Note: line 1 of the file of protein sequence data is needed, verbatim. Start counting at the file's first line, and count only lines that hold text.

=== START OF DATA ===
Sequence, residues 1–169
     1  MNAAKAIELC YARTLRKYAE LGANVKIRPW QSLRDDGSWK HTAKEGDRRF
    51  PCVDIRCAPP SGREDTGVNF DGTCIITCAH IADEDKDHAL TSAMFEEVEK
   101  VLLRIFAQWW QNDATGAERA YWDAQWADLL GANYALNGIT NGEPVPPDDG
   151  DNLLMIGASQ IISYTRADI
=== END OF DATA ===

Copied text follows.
Sequence, residues 1–169